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2. Omega 3s:

Omega-3 fatty acids, found in abundance in fish oil, can be another helpful ally during tense times.* The three major types—DHA, EPA, and ALA—have been shown to ease psychological and physiological reactions to stress and support mental well-being overall.* In one small study in 2003, for example, seven men who supplemented with a daily fish oil supplement had lower cortisol levels after three weeks.* Omega-3 supplements (specifically fish oil) are extremely popular and readily available. Read up on how to find the right one for you here.

3. L-theanine:

L-theanine is an amino acid that promotes the production of relaxing alpha waves, which calm down the brain but don't necessarily make us tired. In one 2016 clinical study published in the journal Nutrients, those who drank a beverage containing L-theanine and then completed a cognitively stressful task got through it with significantly lower cortisol levels than a placebo group. This calming amino acid is found primarily in green tea, but it can also be taken as a supplement.

Leber adds that getting adequate amounts of vitamins and minerals can also help keep the stress response in check. "It's the equivalent of ensuring your car has enough oil and the tires have the right amount of air," he tells mbg. "The vitamins associated with cortisol metabolism are B12, folate, magnesium, and vitamin C."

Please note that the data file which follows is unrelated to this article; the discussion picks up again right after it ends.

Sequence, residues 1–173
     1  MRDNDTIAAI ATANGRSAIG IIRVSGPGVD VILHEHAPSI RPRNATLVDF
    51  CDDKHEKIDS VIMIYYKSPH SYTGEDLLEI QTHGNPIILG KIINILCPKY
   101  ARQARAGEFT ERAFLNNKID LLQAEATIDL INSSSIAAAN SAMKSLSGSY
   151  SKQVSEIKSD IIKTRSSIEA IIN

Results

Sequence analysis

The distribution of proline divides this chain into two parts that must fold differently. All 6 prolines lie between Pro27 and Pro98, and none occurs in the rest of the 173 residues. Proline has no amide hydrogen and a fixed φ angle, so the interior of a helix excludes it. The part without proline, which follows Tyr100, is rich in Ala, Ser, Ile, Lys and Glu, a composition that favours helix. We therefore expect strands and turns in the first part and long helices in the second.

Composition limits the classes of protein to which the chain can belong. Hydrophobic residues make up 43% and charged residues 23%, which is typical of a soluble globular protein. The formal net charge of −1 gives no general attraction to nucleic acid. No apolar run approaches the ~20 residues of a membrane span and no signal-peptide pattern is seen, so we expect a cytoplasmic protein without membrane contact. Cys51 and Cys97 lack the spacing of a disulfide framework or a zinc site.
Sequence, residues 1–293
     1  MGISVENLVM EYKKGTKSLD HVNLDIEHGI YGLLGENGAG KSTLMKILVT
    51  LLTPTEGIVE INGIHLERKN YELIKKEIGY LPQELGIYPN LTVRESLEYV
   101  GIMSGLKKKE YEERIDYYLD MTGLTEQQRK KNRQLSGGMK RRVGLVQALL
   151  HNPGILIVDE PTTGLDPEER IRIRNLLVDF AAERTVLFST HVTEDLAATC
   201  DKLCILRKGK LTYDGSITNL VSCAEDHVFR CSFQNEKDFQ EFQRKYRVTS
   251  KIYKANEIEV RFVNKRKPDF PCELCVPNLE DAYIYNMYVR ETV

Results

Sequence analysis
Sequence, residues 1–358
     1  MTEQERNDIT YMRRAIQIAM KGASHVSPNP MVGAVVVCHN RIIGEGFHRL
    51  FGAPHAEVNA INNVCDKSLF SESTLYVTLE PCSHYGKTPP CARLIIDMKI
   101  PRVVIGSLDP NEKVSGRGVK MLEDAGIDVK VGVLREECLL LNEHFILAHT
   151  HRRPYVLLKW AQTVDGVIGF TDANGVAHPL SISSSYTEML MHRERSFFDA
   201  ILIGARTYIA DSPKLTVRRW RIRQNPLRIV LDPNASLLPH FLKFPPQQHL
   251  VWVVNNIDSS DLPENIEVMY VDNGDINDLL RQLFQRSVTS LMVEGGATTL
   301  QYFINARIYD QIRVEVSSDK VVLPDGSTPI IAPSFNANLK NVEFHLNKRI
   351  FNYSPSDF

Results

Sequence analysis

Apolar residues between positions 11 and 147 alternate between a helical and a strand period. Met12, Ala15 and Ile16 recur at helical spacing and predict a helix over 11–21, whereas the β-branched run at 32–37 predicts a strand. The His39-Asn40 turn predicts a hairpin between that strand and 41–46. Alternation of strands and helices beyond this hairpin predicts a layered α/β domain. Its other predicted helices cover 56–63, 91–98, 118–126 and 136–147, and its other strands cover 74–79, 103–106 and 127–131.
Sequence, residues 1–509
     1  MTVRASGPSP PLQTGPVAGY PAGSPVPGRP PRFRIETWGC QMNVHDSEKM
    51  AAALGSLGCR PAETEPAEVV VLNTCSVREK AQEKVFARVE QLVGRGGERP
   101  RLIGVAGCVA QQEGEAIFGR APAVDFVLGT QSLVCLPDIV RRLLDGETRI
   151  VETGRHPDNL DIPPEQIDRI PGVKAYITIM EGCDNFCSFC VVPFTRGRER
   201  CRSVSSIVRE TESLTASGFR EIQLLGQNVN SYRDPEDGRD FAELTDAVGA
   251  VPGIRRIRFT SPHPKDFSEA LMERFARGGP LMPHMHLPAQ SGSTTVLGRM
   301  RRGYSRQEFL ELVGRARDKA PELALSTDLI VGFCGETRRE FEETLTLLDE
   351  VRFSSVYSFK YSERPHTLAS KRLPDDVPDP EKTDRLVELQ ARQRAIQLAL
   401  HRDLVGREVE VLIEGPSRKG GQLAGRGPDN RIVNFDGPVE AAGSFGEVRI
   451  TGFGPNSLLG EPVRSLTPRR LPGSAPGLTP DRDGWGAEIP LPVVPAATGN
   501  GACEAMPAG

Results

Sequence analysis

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Other ways to relieve stress.

In addition to giving your body the right vitamins and minerals and supplementing as needed, here are some other ways that Bonney, Leber, and Raisen recommend keeping stress and cortisol levels in check.

Proactively work a handful of these self-care practices into your routine so that the next time a trigger arises, your body is ready to quickly come back to calm:

  1. Do yoga.
  2. Practice taking deep, diaphragmatic breaths.
  3. Exercise for 30 to 50 minutes daily (though Bonney notes that too much rigorous exercise may cause cortisol levels to rise, so don't overdo it).
  4. Have a daily meditation and mindfulness practice.
  5. Eat magnesium-rich foods such as avocados, bananas, broccoli, dark chocolate, pumpkin seeds, and spinach.
  6. Make sleep a top priority.
  7. Challenge negative, stressful thoughts as they arise.
  8. Reduce your added sugar intake.
  9. Eat plenty of plants, whole grains, and gut microbiome-friendly foods.
  10. Spend time in nature.
  11. Take a stress supplement, like those listed above (here are mbg's 15 favorites).*

The bottom line.

Cortisol is a hormone that helps conduct the all-important stress response. Practicing stress management techniques and fueling your body with the right foods and supplements will help keep it in check so your body is ready to react to stress—but not get consumed by it.*

calm+
★ ★ ★ ★ ★
★ ★ ★ ★ ★
(18)
calm+

calm+

Next-generation stress relief, featuring EU organic hemp oil, ashwagandha, and lavender oil*

calm+

calm+

Next-generation stress relief, featuring EU organic hemp oil, ashwagandha, and lavender oil*

★ ★ ★ ★ ★
★ ★ ★ ★ ★
(18)
calm+